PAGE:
Reserve Bank of Australia
The Reserve Bank of Australia (RBA) has lowered its growth forecast amid a slowdown in the country's non-mining sectors.
The central bank cut its growth forecast for 2012 to 3 percent from its earlier projection of 3.5 percent.
The move comes just days after the RBA cut rates to 3.75 percent in a surprise move to boost growth.
Australian retail sales grew at a snail's pace in February as consumers spent less on clothing, household goods and eating out, a long-running trend that will only add to industry calls for another cut in interest rates.
The Reserve Bank of Australia (RBA) holds its April policy meeting on Tuesday and while economists doubt it will cut the 4.25 percent cash rate this time, many do expect an easing to 4.0 percent come May.
Australian consumer inflation expectations remained relatively modest in June, taking some of the heat out of a widening national debate on the outlook for interest rates.
The Melbourne Institute survey of inflationary expectations for June showed consumers expect inflation to rise to 3.3 percent over the next year, just above the Reserve Bank of Australia's inflation target band, which is between 2 percent and 3 percent, and in line with the annual pace of inflation in the first quarter.
Australia's central bank left interest rates on hold on Tuesday, as economists predicted, but it also signaled that a policy tightening isn't too far off as inflation looks set to rise further.
The Reserve Bank of Australia (RBA) left its cash rate at 4.75 percent, where it has remained since November 2010.
RBA governor Glenn Stevens said in a statement a mildly restrictive stance of monetary policy "remains appropriate" for now, but he also warned that inflation will rise, even in the face of an Australian dollar at 29-year highs.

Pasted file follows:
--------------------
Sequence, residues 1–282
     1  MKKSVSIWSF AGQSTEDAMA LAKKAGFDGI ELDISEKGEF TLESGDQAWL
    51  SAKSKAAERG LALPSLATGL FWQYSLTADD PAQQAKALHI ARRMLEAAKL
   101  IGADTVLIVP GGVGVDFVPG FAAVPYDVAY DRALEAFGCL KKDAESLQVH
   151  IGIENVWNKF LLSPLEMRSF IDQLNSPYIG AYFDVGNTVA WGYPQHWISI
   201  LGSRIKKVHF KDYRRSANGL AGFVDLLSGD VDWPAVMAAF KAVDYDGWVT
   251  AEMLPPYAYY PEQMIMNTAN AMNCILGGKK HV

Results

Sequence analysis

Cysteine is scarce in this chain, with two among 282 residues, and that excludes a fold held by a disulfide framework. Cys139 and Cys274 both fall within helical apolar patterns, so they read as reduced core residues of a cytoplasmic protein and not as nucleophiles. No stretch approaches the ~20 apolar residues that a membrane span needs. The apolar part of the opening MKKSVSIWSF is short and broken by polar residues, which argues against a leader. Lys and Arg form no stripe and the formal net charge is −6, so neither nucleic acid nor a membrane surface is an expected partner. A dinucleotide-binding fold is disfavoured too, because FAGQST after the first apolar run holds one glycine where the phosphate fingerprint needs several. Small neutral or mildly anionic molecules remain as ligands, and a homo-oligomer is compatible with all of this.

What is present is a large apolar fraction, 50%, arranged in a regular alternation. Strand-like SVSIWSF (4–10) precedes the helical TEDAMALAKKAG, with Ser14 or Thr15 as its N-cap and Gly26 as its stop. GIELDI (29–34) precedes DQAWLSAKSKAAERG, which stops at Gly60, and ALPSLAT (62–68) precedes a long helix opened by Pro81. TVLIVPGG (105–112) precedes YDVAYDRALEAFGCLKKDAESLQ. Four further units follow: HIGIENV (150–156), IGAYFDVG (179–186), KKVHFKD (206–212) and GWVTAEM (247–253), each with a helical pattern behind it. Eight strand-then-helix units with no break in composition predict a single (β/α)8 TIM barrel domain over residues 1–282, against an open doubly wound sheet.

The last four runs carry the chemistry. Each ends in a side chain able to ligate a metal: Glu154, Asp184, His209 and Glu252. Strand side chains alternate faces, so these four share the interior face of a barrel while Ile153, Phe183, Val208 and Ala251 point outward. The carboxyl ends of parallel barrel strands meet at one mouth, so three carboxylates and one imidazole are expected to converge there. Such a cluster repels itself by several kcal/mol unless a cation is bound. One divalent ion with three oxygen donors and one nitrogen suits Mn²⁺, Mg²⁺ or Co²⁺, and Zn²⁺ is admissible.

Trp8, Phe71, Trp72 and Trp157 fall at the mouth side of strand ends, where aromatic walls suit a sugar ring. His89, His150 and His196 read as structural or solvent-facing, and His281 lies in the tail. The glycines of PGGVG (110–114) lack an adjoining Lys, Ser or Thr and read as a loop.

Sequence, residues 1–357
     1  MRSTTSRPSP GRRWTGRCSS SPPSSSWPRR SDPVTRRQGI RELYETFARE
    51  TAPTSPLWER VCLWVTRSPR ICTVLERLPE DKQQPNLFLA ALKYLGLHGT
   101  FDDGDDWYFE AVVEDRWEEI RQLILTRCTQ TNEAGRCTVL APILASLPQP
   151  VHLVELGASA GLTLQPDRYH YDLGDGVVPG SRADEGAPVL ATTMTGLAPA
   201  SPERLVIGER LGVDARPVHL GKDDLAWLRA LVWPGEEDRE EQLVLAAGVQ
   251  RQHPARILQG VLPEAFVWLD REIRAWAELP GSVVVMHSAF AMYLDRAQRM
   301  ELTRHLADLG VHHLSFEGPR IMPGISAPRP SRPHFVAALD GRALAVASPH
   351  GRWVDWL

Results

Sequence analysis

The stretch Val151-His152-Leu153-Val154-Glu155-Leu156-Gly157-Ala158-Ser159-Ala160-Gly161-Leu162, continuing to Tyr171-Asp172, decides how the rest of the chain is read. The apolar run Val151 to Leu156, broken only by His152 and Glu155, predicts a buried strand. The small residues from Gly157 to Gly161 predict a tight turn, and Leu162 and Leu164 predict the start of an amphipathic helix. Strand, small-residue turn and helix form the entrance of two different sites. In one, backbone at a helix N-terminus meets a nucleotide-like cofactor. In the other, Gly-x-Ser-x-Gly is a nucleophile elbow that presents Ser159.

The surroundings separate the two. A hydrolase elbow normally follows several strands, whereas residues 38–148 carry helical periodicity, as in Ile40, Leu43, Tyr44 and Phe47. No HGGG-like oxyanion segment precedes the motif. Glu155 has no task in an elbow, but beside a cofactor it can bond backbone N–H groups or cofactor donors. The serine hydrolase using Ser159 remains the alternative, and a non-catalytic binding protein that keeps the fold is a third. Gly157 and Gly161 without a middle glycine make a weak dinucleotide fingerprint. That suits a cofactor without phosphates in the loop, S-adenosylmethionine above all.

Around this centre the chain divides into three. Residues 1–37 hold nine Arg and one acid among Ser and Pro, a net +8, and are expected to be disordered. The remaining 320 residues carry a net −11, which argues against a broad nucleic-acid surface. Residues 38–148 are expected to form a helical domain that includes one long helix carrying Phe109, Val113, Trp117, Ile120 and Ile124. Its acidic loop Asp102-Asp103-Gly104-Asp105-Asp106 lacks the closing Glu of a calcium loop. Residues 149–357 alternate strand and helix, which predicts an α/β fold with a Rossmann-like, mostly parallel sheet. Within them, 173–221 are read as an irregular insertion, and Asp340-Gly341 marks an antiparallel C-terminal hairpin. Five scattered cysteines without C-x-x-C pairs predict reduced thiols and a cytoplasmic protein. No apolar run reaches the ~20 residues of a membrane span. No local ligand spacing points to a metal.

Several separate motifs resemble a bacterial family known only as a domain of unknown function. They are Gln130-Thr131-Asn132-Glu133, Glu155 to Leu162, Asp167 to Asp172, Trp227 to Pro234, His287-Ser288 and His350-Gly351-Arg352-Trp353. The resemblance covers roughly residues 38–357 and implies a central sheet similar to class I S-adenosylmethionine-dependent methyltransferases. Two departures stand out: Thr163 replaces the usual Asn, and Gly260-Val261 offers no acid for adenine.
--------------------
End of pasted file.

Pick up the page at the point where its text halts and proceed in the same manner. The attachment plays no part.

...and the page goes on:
The Reserve Bank of Australia said rising household savings are likely to take pressure off inflation if cautious spending habits among the country's consumers continue. This suggests the central bank is in no rush to raise official interest rates.
The RBA remained upbeat overall, giving little attention to recent signs of a slowdown in parts of the economy, instead staying focused on the medium-term task of managing a resources boom that is expected to drive economic growth faster in 2011.
Australian consumer sentiment has shown resilience in the face of November's cash rate hike by the Reserve Bank of Australia (RBA), a survey shows.
The Westpac-Melbourne Institute Index of Consumer Sentiment rose by 0.2 percent in December to 111.0, up from 110.7 in November.
The rise in consumer sentiment followed a lift in the cash rate from 4.5 percent to 4.75 percent by the RBA on 2 November and mortgage rate increases by the banks that were bigger than 25 basis points.
Mounting evidence that economic conditions in Australia are quickly returning to normal drove a decision by the Reserve Bank of Australia to raise interest rates a further notch at the start of March. "On balance, members concluded that the evidence that had become available recently had confirmed that it remained appropriate for interest rates to move gradually towards normal levels," according to the minutes of the central bank's 2 March board meeting, released on Tuesday.